NEW DELHI (TIP): At the World Trade Organisation (WTO) headquarters in Geneva, there have been voices— largely from the US — suggesting that a new category of countries be created apart from the three main groups — developed, developing and least developed countries.
It has been suggested that the new group should comprise the rapidly growing economies, such as China and India, which have gained considerable mass in recent years. Although there has not been an explicit demand to create a new group of emerging countries, there have been discussions behind closed doors that have raised eyebrows in the Capital.
After all, this move has the potential to change the way global talks have taken place in the past and the impact may be felt beyond trade. “It has strategic implications that go beyond just WTO. If the demand finds merit then other negotiations, including the climate talks, may be impacted,” said a source based in Geneva.
At the WTO, it would push China, India and others, which fall into the same category of advanced developing countries, to go for sharper duty cuts and adjust their rules related to, say, trade facilitation, more quickly than developing countries.
While there has been chatter for several years, there is more discussion today. “The US is more bothered about China and its impact on the global economy but India is also getting clubbed into the same group, given that it is growing fast,” the source said.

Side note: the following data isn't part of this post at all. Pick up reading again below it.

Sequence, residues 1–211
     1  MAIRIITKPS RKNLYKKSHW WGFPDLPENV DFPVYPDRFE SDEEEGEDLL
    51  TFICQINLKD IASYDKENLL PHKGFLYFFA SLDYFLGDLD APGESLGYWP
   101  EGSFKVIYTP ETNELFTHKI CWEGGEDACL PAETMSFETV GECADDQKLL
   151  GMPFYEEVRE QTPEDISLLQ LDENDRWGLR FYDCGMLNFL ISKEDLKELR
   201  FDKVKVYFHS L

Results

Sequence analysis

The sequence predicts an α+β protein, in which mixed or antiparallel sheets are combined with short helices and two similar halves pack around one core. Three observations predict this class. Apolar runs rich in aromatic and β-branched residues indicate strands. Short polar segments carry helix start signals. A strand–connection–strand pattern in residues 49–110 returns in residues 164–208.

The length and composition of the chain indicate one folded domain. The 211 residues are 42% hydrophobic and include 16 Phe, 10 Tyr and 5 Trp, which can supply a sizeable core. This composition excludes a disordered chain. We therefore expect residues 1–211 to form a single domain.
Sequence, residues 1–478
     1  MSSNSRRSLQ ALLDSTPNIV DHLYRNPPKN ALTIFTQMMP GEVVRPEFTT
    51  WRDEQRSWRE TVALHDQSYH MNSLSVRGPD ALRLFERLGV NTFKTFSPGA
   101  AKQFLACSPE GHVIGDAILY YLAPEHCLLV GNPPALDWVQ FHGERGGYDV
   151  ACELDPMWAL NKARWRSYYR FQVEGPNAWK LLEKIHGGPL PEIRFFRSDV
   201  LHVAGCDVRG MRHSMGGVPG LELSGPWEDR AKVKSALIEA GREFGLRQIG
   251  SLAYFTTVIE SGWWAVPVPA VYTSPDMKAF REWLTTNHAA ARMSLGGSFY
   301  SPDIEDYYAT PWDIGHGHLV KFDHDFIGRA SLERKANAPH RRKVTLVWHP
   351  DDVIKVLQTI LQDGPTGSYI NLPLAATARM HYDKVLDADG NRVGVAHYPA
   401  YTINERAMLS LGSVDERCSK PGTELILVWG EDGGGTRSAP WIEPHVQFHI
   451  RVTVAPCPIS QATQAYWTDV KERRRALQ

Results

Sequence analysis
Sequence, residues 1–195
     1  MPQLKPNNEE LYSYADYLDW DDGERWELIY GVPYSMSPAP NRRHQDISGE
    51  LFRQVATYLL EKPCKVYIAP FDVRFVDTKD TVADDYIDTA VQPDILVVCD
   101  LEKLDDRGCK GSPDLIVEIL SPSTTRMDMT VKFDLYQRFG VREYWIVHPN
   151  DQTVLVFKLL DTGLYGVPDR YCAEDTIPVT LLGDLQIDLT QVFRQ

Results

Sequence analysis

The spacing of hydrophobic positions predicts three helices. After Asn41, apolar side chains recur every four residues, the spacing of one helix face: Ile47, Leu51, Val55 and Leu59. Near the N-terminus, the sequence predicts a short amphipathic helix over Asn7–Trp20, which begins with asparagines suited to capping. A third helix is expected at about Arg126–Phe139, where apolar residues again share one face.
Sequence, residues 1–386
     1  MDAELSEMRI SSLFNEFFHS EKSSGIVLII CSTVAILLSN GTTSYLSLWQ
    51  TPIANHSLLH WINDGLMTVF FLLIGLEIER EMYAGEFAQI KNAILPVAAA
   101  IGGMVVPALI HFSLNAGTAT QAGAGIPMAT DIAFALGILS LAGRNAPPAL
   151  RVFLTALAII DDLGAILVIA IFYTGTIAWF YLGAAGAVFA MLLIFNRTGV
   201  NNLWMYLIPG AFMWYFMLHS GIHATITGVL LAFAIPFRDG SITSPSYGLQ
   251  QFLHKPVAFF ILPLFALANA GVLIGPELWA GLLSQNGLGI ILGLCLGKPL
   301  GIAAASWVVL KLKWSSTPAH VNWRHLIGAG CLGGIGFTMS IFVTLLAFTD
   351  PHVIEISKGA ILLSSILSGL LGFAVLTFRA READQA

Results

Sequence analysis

Economists, however, believe that the demand may be a little premature given that there is huge disparity between the developed countries and those in the second group, such as China and India. “Size of China’s economy is same as US, but China’s per capita income is 22% of the US per capita income because China has four-and-half times more people. It makes Chinese per capita income like where US income was in late 1920s or mid-1930s,” former US treasury secretary Larry Summers had pointed out in a recent interview. Currently, Chinese per cacapita income is around 14%of the US level. Source: TOI